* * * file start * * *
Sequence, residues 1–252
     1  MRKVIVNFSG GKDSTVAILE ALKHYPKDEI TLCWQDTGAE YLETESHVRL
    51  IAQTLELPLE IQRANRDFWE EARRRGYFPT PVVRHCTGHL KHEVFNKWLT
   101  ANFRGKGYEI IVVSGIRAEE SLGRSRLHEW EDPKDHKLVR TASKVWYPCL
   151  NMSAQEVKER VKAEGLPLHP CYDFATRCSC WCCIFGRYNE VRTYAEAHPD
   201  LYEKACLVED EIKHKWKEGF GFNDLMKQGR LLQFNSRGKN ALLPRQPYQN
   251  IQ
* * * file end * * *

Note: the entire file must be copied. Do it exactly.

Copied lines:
Sequence, residues 1–252
     1  MRKVIVNFSG GKDSTVAILE ALKHYPKDEI TLCWQDTGAE YLETESHVRL
    51  IAQTLELPLE IQRANRDFWE EARRRGYFPT PVVRHCTGHL KHEVFNKWLT
   101  ANFRGKGYEI IVVSGIRAEE SLGRSRLHEW EDPKDHKLVR TASKVWYPCL
   151  NMSAQEVKER VKAEGLPLHP CYDFATRCSC WCCIFGRYNE VRTYAEAHPD
   201  LYEKACLVED EIKHKWKEGF GFNDLMKQGR LLQFNSRGKN ALLPRQPYQN
   251  IQ